The 30-year-old said: “I had not played for three years due to injury and had fallen out of favour at QPR, so wherever I was going, I was desperate to play. I was probably used to being a centre-forward, but I’d played so much out wide and in different positions. I’m an attacker, I want to attack and if I can all I think about is attacking and scoring goals.

“At St Johnstone, we didn’t win our first five or six games, but then I was played up-front and we went five or six on the bounce and I was enjoying it. Then an injury meant we reshuffled and I was not going to say I wasn’t playing there. We also didn’t have the most attacking, creative team, so if we scored a goal then it quickly became a 4-5-1 and there were a lot of defensive duties.

“Sometimes I did not enjoy it, but you have to play for the team, although I felt it was taking a way a little bit from what I could bring to the table.”

Disclosing Easter Road was his “preferred destination” if his career was to continue in Scotland rather than returning south, Vine also revealed Hibs’ new assistant manager Jimmy Nicholl was a factor in his move to Edinburgh.

Vine said: “I enjoyed myself last year – I thought the standard was fine and I thought I’d done okay.

“I’d played 37 times for St Johnstone, but I pretty much knew going into he last game of the season that no matter what happened, I probably wasn’t going to be there. They had an option in the contract to offer me a deal, but it had to be made before the January transfer window. There was no conversation with them for the whole season.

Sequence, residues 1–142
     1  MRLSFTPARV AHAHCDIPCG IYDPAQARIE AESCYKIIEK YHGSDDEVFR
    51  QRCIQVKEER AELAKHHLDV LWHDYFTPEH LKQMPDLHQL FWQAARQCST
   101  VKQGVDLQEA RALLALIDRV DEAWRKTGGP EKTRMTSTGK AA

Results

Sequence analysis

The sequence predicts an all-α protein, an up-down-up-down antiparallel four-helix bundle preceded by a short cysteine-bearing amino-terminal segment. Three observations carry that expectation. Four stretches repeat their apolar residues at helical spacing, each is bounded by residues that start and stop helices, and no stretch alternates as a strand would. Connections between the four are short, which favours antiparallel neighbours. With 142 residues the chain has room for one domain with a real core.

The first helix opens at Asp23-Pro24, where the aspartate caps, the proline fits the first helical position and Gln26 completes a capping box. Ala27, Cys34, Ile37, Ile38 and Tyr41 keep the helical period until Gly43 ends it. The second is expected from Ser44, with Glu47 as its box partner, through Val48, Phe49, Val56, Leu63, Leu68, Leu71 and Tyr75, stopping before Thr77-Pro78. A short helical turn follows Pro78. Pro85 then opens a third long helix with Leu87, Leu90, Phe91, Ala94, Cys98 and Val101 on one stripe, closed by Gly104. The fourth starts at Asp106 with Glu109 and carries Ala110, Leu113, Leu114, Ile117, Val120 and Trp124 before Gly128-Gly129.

“I had my preferred destinations if I was going to come back up and Hibs were at the top. I came up last Monday, although I had spoken to the manager beforehand and it was all really positive.

“I have spoken to Jimmy Nicholll and he told me he’s known me since I was 17 or 18 playing for Portsmouth reserves. He said he’d seen me a few times. Apparently, he puts a star against your name if he likes you and follows you, which I see as a compliment that he thinks you are good enough a player.”

Vine’s exploits at McDiarmid Park helped Saints earn a place in the Europa League, but while the Perth outfit will be travelling to face Norwegian side Rosenberg on Thursday night, he also hopes to be in Scandanavia ready to take on Swedish outfit Malmo.

Insisting he’s ready to play if asked, he said: “All the registration has been done and over the last three or four years I’ve followed a summer training programme, which gets me a level of fitness that’s okay. I probably haven’t had as much ball work, but I should be fine to go on Thursday if selected.”

No Claros as Honduras lose

FORMER Hibs midfielder Jorge Claros was given a rest by Honduras as they lost 2-0 to Trinidad & Tobago in the Gold Cup this morning.

The Central American side had already secured top spot in Group B after Claros’ stoppage-time winner against El Salvador on Saturday. That result meant that manager Luis Fernando Suarez could rest Claros for what was essentially a dead rubber. Claros, whose loan from Motagua to Hibs expired at the end of the season, has been widely regarded one of Honduras’ best players in the event.

A penalty from Kenwyne Jones and a goal from Kevin Molino gave T&T the win in Houston, although Honduras had Jose Velasquez sent off. T&T move into the knock-out stage alongside Honduras and El Salvador, who beat Haiti 1-0 today.